Excess pressure inside a Liquid drop

  • #1

Summary:

How does the surface tension acting along the base of hemisphere holds the curved surface against pressure?

Main Question or Discussion Point

While studying about the effects of surface tension i came across the excess pressure inside a liquid drop.
Here they considered a hemisphere ABCDE from the drop and listed out the conditions for it to be in equilibrium.
IMG_20191217_192915.jpg

The forces acting on them are taken as
IMG_20191217_193416.jpg


F1= 2πRS
F2= P1×(Projection of hemispherical surface on ABCD)
=>F2=P1×πR²
F3=P2×πR²


For equilibrium we take
F1+F2=F3

But what role does the surface tension (T) has in maintaining the equilibrium for a hemisphere.
My doubts are:
1. Isn't the pressure due to Atmosphere and the pressure inside the hemispherical drop enough to balance each other. Why do we need a surface tension here?
2. When i referred some other sources, it said that the surface tension holds the drop from bursting. If it is so, the force due to T we calculates here acts only along the base periphery of the hemisphere. What effect would it have on the curved surface?


Hope this won't come under Homework help
 

Answers and Replies

  • #2
gleem
Science Advisor
Education Advisor
1,667
1,021
The surface tension of the bubble is due to the attraction of molecules with their neighbors thus pulling them closer and causing the surface area to shrink. This naturally will increase the pressure inside until an equilibrium situation is produced.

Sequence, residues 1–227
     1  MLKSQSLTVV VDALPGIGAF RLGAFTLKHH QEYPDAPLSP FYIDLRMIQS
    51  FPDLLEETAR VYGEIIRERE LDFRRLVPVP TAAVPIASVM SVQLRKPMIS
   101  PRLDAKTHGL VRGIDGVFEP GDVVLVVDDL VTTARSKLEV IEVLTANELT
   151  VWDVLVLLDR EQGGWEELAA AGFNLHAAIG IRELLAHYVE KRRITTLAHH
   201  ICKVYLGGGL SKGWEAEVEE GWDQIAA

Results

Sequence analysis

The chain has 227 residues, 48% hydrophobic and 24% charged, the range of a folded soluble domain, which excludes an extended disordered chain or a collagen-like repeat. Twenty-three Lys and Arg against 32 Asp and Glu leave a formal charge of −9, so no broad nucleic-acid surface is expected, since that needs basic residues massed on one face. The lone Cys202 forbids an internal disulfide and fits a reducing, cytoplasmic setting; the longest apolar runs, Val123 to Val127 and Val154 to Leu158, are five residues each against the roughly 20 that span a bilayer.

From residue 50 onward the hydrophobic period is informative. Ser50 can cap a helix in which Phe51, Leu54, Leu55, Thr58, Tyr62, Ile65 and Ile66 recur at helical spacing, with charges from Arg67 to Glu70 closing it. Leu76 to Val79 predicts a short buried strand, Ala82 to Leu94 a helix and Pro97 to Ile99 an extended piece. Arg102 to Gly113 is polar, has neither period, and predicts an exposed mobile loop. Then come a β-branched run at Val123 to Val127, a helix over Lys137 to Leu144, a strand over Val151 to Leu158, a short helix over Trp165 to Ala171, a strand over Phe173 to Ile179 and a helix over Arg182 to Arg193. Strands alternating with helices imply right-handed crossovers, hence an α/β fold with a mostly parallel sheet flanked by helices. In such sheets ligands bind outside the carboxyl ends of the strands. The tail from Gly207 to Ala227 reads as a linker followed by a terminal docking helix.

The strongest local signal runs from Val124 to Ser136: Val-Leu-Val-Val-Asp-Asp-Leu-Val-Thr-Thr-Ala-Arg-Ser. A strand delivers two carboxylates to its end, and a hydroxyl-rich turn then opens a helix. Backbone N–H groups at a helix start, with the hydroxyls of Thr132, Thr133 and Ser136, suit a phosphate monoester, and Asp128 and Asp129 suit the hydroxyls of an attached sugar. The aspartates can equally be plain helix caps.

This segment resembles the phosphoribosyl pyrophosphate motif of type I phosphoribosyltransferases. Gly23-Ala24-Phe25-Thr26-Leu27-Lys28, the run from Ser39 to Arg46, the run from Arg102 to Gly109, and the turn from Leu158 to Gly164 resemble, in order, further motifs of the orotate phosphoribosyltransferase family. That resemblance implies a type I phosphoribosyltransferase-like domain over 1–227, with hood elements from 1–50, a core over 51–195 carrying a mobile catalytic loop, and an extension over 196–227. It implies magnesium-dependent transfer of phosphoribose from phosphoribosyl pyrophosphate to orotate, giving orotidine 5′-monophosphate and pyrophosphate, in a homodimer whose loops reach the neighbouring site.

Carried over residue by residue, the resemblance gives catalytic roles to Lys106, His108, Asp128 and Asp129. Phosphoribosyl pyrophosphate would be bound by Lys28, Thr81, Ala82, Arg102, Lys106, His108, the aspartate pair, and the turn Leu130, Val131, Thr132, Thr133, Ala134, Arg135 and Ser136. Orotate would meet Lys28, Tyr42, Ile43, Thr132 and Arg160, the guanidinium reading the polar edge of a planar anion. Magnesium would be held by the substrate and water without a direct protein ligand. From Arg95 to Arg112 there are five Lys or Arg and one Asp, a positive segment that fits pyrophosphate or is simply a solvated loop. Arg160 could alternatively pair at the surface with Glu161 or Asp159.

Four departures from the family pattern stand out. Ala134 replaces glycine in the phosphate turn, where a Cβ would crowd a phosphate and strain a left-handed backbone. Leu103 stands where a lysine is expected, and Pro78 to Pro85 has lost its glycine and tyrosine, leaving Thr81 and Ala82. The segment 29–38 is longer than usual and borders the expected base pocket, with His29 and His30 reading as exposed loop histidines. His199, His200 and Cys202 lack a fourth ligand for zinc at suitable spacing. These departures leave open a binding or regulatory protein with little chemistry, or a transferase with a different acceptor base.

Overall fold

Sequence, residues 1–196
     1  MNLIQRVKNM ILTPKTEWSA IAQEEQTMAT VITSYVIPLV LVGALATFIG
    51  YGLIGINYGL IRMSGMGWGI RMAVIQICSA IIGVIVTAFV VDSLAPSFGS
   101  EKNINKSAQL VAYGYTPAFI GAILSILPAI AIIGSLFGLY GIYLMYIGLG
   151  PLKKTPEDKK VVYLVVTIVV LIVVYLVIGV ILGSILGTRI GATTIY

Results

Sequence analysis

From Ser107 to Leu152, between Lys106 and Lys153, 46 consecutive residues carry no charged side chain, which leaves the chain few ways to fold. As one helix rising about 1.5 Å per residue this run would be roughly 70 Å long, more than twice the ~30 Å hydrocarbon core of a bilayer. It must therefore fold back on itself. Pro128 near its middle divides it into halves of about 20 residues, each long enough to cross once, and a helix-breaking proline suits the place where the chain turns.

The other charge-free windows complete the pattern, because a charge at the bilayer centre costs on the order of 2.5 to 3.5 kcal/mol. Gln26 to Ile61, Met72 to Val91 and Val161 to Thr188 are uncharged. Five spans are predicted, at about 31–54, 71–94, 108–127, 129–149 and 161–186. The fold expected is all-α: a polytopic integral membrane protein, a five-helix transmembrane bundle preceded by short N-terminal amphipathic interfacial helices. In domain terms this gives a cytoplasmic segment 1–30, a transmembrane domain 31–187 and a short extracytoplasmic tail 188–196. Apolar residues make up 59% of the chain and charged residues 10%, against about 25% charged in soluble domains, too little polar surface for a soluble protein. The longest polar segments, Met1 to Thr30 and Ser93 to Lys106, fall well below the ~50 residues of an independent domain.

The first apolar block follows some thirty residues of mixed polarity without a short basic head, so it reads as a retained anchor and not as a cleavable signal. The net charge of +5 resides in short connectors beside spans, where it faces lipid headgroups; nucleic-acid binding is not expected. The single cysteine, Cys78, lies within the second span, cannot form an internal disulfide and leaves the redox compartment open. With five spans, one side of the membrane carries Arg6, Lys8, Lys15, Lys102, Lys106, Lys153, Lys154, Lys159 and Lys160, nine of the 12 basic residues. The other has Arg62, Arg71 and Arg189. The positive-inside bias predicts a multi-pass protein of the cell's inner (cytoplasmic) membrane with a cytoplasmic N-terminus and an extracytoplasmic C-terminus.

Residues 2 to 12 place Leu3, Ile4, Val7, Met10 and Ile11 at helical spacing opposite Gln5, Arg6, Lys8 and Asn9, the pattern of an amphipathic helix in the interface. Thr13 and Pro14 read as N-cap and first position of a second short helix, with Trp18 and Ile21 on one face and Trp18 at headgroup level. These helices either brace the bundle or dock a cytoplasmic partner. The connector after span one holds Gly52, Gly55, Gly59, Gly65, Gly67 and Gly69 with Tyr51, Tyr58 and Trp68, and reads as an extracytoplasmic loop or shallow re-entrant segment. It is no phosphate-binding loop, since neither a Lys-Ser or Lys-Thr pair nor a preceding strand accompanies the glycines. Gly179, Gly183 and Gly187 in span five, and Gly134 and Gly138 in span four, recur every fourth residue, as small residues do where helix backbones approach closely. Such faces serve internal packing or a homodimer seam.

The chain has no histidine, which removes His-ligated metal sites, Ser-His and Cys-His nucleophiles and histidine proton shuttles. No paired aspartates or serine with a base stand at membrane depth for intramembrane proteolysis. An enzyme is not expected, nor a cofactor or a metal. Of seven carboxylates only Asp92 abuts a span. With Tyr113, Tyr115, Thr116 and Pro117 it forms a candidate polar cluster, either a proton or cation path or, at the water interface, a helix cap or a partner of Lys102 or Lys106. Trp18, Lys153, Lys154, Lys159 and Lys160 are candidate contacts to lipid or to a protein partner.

In the analysis three forces are identified. That due to the outside pressure pushing on the surface (P0πr2) that due to the surface tension acting in the surface on the circumference (2π rσ) which act together and that due to the inside pressure (P πr2) countering the other two to produce the equilibrium situation. where r is the radius and σ is the surface tension

The pressure in the bubble is constant throughout . The splitting of the bubble into two hemispheres simplifies the analysis.

thus

P πr2 = P0πr2 + 2π rσ

or P = P0+ 2σ/r
 
  • #3
The surface tension of the bubble is due to the attraction of molecules with their neighbors thus pulling them closer and causing the surface area to shrink. This naturally will increase the pressure inside until an equilibrium situation is produced.

In the analysis three forces are identified. That due to the outside pressure pushing on the surface (P0πr2) that due to the surface tension acting in the surface on the circumference (2π rσ) which act together and that due to the inside pressure (P πr2) countering the other two to produce the equilibrium situation. where r is the radius and σ is the surface tension

The pressure in the bubble is constant throughout . The splitting of the bubble into two hemispheres simplifies the analysis.

thus

P πr2 = P0πr2 + 2π rσ

or P = P0+ 2σ/r
What if the surface tension is zero?
How would the hemispherical part of the drop behave?
 
  • #6
Lord Jestocost
Gold Member
597
406
See comment #2 by @.Scott in the thread:

Zero surface tension: "It would signify that the molecules within the fluid have the same attraction to each other as to the atmosphere at the surface."
 
Last edited:

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